Monsieur de Sainte-Colombe (ca. 1640–1700) was a French composer and violist.
It is speculated by various scholars that Monsieur de Sainte-Colombe was of Lyonnais or Burgundian petty nobility; and also the selfsame 'Jean de Sainte-Colombe' noted as the father of 'Monsieur de Sainte-Colombe le fils.' This assumption was erroneous, according to subsequent research in Paris by American bass viol player and musicologist Jonathan Dunford. Dunford suggests he was probably from the Pau area in southernmost France and a Protestant, that his first name was "Jean" and that he had two daughters named Brigide and Françoise.
However, most likely, M. Sainte-Colombe was a member of the ancient family and last name "de Sancta Columba" (old form in Latin), from Catalan origin, as Guillem Bernat de Sancta Columba. There is a book written by Claude Le-Laboureur in 1673 regarding the genealogy of the Sainte Colombe family in France. According to Le-Laboureur, the first member of the Sainte Colombe family in France was Guillaudum de Sancta Columba (1319). Another important member of the Sancta Columba family was Bonafusus de Sancta Columba, the first to have a patent granted in the world, granted by Henry III, King of England.
Sainte-Colombe was a celebrated master of the viola da gamba; it is said that he added the seventh string (AA) on the bass viol.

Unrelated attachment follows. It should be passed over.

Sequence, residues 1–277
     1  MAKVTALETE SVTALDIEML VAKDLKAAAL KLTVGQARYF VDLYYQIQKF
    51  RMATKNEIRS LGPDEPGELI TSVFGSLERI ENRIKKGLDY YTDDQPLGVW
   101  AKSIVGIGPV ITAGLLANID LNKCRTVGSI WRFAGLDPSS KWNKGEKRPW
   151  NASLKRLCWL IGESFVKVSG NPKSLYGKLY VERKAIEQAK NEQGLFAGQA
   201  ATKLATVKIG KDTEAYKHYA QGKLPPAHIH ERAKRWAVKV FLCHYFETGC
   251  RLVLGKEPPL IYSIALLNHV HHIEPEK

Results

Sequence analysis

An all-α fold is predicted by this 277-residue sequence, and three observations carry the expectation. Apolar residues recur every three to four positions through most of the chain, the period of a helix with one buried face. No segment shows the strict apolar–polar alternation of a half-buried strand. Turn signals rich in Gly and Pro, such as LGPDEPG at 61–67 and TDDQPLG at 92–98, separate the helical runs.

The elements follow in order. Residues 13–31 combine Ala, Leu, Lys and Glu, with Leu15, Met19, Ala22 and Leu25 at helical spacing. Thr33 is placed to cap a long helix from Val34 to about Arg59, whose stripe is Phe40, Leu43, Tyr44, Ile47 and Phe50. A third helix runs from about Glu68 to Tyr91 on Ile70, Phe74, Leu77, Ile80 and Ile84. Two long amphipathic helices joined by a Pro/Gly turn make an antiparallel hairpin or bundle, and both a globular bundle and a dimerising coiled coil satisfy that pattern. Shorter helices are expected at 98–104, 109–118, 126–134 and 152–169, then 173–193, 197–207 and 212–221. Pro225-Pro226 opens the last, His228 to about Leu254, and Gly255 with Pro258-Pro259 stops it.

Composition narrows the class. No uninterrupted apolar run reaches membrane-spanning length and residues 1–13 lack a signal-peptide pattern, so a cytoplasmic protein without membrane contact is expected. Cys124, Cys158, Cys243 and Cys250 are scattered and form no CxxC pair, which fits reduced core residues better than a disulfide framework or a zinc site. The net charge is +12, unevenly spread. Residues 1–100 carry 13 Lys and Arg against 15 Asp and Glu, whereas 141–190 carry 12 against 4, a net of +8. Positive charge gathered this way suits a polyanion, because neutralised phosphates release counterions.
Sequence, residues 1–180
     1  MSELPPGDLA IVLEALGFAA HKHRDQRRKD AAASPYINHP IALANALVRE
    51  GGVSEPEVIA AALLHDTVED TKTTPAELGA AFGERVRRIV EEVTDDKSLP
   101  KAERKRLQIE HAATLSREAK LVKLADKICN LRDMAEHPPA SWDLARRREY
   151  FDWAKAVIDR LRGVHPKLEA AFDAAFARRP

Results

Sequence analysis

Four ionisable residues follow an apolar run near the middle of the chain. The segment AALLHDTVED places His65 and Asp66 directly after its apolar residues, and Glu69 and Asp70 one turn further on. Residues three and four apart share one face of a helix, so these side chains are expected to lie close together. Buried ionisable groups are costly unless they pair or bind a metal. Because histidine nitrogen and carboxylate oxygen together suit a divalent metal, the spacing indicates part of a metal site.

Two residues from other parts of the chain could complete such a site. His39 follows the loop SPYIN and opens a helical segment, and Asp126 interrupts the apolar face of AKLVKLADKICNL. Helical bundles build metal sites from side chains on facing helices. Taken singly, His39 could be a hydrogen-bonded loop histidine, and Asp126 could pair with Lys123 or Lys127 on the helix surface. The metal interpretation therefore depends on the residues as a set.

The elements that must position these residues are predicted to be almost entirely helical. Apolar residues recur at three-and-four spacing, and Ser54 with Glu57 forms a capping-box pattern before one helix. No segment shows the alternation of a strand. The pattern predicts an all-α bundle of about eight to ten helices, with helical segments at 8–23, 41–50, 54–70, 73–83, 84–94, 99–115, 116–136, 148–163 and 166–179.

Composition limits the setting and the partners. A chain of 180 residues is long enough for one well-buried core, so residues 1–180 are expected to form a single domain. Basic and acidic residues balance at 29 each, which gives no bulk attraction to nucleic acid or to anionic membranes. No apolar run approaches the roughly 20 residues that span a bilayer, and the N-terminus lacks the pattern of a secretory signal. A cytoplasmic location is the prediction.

A recluse, he is claimed to have performed publicly only occasionally at his home, in consort with his two daughters, whom he had trained. Aside from them, Sainte-Colombe's students included the Sieur de Danoville, Jean Desfontaines, Pierre Méliton, Jean Rousseau and notably Marin Marais, who wrote Tombeau pour Monsieur de Sainte-Colombe, in 1701, as a memorial to his instructor.
Amongst the extant works of Sainte-Colombe are sixty-seven Concerts à deux violes esgales, and over 170 pieces for solo seven-string viol, making him perhaps the most prolific French viol composer before Marin Marais.
In 1991, Pascal Quignard published a novel giving a conjectural picture of the relationship between M. de Sainte-Colombe and Marin Marais, entitled Tous les matins du monde (All the World's Mornings). Alain Corneau directed a film based on it, with Jean-Pierre Marielle as Sainte-Colombe, Guillaume Depardieu as the young and Gérard Depardieu as the aged Marin Marais. The soundtrack of the film was realized by Jordi Savall.
A quotation from a composition of Monsieur de Sainte-Colombe is used in Carlo Forlivesi's Requiem (1999).